Silicon likely makes up a significant proportion of the Earth’s core after iron and nickel, say scientists who claim to have identified the ‘missing element’ in the deep interiors of our planet that has eluded us for decades.
The discovery could help us to better understand how our world formed, researchers said. For the study, researchers from Tohoku University in Japan recreated the high temperatures and pressures found in the deep interior of the Earth.
“We believe that silicon is a major element – about 5 per cent (of the Earth’s inner core) by weight could be silicon dissolved into the iron-nickel alloys,” said lead researcher Eiji Ohtani from Tohoku University. The innermost part of Earth is thought to be a solid ball with a radius of about 1,200 kilometres.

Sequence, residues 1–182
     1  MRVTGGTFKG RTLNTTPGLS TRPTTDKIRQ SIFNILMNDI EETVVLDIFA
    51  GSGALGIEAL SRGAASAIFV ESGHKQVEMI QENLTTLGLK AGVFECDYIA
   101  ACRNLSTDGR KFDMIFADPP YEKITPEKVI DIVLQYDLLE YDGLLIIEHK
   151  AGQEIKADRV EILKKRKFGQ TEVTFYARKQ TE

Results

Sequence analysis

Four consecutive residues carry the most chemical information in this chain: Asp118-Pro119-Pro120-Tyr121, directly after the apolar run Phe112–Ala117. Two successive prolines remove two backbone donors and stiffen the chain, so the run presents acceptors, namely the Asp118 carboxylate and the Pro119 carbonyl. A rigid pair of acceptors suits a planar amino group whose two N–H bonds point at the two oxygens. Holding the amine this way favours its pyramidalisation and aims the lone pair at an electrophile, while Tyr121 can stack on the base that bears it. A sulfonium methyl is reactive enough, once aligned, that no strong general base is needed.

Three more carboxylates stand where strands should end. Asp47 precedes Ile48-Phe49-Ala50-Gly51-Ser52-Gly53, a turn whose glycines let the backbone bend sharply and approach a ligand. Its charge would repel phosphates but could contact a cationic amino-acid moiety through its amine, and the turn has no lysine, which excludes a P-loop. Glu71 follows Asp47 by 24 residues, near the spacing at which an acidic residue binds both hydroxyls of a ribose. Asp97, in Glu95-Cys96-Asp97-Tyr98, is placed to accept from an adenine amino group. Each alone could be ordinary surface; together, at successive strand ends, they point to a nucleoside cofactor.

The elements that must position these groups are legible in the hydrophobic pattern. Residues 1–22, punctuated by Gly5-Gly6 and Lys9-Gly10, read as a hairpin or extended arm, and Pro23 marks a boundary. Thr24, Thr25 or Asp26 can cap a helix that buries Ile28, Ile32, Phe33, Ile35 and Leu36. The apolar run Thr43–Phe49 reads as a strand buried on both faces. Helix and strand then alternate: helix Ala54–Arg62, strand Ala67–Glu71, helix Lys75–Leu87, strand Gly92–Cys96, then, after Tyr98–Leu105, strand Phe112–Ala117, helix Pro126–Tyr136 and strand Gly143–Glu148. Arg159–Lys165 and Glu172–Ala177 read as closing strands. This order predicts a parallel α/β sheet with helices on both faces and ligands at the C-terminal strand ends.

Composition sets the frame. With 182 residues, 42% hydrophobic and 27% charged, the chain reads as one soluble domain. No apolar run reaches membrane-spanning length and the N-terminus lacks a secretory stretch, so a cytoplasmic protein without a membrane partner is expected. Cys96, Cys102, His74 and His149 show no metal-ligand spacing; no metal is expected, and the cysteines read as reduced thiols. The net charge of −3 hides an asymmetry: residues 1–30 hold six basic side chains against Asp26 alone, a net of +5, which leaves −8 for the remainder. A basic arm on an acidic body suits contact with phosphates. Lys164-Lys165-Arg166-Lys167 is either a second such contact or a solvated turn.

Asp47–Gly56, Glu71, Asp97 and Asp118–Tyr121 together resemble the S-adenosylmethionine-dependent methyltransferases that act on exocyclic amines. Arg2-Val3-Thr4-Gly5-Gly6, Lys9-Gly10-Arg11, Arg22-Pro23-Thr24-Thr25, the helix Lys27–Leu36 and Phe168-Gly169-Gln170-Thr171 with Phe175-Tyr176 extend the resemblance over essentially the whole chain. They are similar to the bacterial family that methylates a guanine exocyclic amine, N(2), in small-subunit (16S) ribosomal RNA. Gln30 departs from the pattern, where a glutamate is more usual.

It is far too deep to investigate directly, so scientists study how seismic waves pass through this region to tell them something of its make-up. It is mainly composed of iron, which makes up about 85 per cent of its weight and nickel, which accounts for about 10 per cent of the core.
To study the unaccounted five per cent of the core, researchers created alloys of iron and nickel and mixed them with silicon, ‘BBC News’ reported. They then subjected them to the immense pressures and temperatures that exist in the inner core. They discovered that this mixture matched what was seen in the Earth’s interior with seismic data.